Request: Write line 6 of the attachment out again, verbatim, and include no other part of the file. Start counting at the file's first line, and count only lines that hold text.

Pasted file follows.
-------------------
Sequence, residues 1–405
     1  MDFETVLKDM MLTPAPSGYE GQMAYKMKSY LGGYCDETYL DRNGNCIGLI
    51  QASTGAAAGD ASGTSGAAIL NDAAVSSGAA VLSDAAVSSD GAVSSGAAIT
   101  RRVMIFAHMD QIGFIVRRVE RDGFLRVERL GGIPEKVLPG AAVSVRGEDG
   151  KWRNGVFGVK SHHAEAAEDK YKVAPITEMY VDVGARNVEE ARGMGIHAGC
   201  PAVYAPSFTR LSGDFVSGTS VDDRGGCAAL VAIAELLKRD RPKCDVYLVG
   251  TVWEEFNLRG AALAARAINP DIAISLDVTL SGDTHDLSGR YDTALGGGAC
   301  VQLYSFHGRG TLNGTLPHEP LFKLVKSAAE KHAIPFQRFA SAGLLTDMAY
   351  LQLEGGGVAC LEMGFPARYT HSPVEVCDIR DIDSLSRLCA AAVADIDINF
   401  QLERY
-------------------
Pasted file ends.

   201  PAVYAPSFTR LSGDFVSGTS VDDRGGCAAL VAIAELLKRD RPKCDVYLVG